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Video-on-demand to challenge rentals

Video-on-demand services are poised to outshine the current video-rental market, ultimately generating more than $9 billion in annual U.S. revenues by 2005, according to a new study by research firm Webnoize. The study found that movie storage and delivery costs have declined, making video-on-demand services more deployable nationwide. Such services let people watch films in their homes through digital set-top boxes provided by a cable subscriber, DSL provider or other entertainment network. Webnoize researcher Joel Karp said he expects video-on-demand's convenience to push it ahead of the current video-rental market--about $8.25 billion annually--since the service could end trips to the video store and late fees.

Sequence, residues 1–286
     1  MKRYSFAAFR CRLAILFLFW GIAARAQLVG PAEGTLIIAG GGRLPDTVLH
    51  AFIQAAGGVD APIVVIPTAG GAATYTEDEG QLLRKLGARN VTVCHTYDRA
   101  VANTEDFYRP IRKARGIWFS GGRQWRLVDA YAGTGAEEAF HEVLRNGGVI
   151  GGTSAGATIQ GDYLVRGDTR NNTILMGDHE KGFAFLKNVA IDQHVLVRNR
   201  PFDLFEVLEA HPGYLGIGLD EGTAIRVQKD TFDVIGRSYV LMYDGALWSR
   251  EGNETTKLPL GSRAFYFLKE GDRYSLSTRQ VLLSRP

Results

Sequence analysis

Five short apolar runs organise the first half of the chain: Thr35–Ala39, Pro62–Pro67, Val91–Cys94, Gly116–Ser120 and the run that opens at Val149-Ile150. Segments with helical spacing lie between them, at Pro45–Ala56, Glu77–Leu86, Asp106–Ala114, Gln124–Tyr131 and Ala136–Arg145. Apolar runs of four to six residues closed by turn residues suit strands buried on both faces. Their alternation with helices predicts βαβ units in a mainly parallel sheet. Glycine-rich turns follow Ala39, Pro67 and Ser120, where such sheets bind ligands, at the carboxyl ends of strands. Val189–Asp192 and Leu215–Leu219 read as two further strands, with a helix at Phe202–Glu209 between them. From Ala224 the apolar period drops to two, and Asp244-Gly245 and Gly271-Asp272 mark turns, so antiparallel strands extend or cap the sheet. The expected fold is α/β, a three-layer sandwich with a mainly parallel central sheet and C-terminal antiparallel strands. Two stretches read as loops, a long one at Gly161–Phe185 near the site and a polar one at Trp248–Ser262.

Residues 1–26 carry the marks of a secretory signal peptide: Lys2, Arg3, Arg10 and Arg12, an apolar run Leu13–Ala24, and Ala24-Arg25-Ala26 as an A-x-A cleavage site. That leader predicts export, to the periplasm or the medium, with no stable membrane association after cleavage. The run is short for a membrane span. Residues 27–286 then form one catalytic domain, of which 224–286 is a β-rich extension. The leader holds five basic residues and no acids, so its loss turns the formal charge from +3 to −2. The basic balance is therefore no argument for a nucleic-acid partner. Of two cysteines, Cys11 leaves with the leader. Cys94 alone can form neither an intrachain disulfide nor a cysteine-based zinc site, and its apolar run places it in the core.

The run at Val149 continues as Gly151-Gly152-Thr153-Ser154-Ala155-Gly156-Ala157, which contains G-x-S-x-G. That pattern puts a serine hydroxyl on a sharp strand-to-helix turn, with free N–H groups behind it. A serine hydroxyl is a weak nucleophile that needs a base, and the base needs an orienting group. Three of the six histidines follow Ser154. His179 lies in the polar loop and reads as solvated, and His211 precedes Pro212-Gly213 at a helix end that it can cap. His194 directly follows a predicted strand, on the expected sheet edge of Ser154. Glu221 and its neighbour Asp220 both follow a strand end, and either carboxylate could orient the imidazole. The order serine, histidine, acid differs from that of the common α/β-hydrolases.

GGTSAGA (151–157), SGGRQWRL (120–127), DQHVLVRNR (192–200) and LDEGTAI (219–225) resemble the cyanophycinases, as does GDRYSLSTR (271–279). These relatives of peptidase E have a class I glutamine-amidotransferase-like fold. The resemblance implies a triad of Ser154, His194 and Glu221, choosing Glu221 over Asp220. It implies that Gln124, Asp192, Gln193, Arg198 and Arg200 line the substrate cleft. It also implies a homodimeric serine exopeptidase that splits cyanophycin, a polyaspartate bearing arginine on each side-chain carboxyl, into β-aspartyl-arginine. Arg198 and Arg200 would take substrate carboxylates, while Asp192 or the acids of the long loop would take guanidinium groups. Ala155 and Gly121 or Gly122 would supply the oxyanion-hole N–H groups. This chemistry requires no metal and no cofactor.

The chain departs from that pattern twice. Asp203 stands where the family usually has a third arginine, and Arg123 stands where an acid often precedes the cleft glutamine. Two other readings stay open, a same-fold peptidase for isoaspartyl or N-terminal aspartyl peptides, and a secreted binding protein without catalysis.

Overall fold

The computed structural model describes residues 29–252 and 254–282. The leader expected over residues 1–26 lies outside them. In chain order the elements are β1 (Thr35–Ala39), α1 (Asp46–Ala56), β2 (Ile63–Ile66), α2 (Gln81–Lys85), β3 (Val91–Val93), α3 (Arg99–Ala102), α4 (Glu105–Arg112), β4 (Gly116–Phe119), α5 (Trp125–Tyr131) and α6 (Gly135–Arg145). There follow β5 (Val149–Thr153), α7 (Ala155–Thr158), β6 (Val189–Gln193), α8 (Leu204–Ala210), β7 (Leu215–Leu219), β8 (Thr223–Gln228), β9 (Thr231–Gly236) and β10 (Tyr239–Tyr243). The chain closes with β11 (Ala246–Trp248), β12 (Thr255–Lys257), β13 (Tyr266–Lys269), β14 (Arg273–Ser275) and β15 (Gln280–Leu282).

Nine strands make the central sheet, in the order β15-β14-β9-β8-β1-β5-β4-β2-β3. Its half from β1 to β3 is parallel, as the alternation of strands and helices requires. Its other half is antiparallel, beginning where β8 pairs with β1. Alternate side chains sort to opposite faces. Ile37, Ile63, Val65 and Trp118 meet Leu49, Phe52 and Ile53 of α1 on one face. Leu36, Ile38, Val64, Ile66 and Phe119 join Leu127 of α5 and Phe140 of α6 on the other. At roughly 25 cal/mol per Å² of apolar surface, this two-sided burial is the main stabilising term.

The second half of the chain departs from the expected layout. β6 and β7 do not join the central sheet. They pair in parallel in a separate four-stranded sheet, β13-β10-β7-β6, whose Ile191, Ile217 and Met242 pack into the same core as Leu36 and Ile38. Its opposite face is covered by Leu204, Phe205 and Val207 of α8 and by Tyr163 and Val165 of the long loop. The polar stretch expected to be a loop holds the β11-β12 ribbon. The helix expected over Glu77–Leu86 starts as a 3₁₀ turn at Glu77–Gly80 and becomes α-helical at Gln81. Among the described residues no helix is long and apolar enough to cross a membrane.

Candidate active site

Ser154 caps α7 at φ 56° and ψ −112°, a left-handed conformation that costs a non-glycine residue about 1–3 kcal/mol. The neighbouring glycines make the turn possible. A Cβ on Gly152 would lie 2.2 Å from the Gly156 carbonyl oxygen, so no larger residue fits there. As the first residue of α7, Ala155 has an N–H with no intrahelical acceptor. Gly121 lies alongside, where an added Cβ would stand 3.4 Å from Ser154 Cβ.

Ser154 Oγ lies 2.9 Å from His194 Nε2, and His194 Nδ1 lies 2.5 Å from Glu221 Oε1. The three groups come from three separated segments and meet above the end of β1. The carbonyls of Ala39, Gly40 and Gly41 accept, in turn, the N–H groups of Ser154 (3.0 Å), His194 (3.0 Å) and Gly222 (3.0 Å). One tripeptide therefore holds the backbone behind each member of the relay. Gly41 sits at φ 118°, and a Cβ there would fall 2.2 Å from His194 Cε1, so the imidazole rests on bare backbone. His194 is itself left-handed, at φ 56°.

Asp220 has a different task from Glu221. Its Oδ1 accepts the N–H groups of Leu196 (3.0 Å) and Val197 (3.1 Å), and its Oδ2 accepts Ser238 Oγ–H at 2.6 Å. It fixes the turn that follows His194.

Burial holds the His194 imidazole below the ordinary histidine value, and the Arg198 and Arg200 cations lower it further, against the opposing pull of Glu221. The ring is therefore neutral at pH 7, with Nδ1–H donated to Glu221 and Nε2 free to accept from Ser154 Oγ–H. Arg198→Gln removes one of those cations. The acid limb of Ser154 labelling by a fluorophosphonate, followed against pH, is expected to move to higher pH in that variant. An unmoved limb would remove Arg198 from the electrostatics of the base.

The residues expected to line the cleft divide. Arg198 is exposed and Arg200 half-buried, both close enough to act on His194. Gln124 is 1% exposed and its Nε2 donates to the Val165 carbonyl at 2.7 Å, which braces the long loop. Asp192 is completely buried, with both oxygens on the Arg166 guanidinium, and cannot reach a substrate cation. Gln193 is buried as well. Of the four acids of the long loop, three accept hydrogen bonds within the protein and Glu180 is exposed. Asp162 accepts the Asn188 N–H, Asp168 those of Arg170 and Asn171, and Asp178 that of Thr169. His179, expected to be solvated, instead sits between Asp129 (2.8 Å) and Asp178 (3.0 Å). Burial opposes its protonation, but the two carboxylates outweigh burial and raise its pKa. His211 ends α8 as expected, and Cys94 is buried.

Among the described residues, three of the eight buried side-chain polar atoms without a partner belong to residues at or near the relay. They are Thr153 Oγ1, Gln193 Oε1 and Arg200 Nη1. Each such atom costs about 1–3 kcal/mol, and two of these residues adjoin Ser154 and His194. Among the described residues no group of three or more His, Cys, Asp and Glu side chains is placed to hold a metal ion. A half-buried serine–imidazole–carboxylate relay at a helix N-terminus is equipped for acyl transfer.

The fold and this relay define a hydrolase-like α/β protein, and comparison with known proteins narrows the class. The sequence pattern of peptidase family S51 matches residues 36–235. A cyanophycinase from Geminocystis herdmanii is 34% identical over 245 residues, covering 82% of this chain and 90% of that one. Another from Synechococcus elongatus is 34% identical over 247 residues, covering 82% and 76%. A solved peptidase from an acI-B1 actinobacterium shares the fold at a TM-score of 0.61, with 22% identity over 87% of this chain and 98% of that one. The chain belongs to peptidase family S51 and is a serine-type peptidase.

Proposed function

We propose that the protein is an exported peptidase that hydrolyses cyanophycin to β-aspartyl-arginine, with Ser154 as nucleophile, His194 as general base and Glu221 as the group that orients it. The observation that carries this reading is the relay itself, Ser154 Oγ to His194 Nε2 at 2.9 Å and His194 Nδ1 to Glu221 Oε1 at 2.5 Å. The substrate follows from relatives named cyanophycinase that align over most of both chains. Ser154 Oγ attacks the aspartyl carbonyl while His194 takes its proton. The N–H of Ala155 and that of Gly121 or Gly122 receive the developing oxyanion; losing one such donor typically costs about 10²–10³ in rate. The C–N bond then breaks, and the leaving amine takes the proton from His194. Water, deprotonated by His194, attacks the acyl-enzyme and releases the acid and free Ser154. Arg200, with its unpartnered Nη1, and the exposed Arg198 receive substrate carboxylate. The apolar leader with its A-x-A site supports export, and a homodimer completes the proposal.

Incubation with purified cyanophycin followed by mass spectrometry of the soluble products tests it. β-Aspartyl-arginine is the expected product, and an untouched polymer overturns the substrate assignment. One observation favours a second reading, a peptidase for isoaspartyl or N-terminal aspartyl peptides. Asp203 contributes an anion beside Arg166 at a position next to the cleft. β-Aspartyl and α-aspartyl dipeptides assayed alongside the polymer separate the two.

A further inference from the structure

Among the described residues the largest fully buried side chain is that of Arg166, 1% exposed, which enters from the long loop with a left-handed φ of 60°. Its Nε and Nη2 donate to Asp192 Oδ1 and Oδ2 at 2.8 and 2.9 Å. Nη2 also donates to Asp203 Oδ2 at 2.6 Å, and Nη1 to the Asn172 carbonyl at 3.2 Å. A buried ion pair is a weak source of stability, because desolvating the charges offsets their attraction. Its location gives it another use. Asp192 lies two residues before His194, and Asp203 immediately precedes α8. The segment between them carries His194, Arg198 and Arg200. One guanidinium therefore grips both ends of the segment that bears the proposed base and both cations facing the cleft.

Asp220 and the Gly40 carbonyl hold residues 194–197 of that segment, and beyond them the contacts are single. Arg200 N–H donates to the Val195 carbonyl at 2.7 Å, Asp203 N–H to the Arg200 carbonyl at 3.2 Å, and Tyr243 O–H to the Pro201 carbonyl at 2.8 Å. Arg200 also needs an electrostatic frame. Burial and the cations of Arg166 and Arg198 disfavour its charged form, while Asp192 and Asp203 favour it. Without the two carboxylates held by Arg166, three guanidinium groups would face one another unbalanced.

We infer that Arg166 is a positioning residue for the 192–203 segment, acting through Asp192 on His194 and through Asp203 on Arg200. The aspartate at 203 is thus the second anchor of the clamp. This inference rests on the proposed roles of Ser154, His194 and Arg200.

Video-on-demand services are poised to outshine the current video-rental market, ultimately generating more than $9 billion in annual U.S. revenues by 2005, according to a new study by research firm Webnoize. The study found that movie storage and delivery costs have declined, making video-on-demand services more deployable nationwide.

    Such services let people watch films in their homes through digital set-top boxes provided by a cable subscriber, DSL provider or other entertainment network. Webnoize researcher Joel Karp said he expects video-on-demand's convenience to push it ahead of the current video-rental market--about $8.25 billion annually--since the service could end trips to the video store and late fees.